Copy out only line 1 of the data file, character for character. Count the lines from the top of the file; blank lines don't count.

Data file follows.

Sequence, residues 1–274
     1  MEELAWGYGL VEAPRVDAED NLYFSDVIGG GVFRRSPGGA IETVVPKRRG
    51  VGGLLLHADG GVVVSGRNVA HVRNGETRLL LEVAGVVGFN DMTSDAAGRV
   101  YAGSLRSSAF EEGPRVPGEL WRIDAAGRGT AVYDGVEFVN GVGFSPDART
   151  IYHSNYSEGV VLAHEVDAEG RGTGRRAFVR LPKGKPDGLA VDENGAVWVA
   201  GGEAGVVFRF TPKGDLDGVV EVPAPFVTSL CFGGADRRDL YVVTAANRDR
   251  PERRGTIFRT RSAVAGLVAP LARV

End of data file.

Sequence, residues 1–274